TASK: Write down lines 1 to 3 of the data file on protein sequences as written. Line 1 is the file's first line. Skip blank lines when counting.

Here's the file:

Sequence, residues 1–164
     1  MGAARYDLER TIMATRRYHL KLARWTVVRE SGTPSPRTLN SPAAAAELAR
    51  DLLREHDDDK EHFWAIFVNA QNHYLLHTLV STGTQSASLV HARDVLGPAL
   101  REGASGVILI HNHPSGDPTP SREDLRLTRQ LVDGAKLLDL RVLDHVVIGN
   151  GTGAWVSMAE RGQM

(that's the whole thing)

Sequence, residues 1–164
     1  MGAARYDLER TIMATRRYHL KLARWTVVRE SGTPSPRTLN SPAAAAELAR
    51  DLLREHDDDK EHFWAIFVNA QNHYLLHTLV STGTQSASLV HARDVLGPAL